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Secrets In The Setting

Hamilton, Essential Literary Terms (98-111; 150-166) -- Jerz: EL150 (Intro to Literary Study)
"As with other aspects of narration, and author's choices about time and place exert an important influence on a work's tone and meaning, which the reader must infer."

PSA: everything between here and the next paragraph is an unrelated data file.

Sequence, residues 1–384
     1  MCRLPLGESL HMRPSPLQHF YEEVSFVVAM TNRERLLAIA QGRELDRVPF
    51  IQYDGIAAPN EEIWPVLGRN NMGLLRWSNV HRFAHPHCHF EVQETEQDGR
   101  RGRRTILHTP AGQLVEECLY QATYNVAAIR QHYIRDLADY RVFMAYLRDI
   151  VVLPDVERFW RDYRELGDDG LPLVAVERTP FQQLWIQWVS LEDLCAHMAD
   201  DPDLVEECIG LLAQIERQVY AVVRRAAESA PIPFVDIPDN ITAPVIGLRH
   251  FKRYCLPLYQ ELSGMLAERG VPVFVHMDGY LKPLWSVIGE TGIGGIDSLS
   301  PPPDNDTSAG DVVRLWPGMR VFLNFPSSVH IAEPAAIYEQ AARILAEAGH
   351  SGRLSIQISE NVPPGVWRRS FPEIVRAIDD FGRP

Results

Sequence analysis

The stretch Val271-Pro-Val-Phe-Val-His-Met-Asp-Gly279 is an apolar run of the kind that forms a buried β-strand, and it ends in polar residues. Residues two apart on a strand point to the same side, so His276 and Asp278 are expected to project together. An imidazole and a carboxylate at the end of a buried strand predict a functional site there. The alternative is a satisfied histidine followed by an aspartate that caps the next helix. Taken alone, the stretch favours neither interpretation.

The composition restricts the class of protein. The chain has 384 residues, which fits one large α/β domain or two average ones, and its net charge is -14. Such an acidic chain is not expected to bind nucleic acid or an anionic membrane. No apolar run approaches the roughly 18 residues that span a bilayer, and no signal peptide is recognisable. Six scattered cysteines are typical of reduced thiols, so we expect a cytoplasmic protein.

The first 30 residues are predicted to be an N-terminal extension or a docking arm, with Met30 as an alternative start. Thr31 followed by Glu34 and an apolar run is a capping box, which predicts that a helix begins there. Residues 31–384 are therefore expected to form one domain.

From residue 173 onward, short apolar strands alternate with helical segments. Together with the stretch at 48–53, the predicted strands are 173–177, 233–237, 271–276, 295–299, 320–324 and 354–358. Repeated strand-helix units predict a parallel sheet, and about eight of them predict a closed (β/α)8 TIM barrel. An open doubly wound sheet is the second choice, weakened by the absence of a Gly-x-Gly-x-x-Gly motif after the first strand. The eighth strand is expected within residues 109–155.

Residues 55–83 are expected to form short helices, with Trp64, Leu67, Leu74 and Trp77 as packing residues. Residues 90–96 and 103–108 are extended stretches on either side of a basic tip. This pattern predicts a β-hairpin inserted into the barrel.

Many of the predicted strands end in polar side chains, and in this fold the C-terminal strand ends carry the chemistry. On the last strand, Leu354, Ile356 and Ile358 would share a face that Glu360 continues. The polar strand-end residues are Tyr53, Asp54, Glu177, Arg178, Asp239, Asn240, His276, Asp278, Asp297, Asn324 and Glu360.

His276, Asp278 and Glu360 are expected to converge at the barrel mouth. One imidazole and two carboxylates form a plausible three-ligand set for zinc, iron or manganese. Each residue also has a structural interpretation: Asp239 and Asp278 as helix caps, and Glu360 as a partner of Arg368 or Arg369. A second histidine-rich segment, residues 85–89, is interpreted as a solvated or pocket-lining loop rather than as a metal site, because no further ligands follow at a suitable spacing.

I found this particular point made in Hamilton's text quite interesting and likewise verifiable. I don't know why, but while I was reading this section I found my mind dwelling on the description of Miss Havisham's establishment in Charles Dickens's classic, Great Expectations, one of my personal favorites. In this part of the novel, it is implied that the condition of Miss Havisham's home is also the condition of Miss Havisham herself. Everything is old, rotting, and decayed, and there is the ever-present sense that time has stopped once one enters Satis House, which is only reinforced by the fact that all the clocks throughout the manor are stopped at twenty minutes to nine. This would be a perfect example in demonstrating the greater importance of setting than just the standard "time and place" of the literary work.

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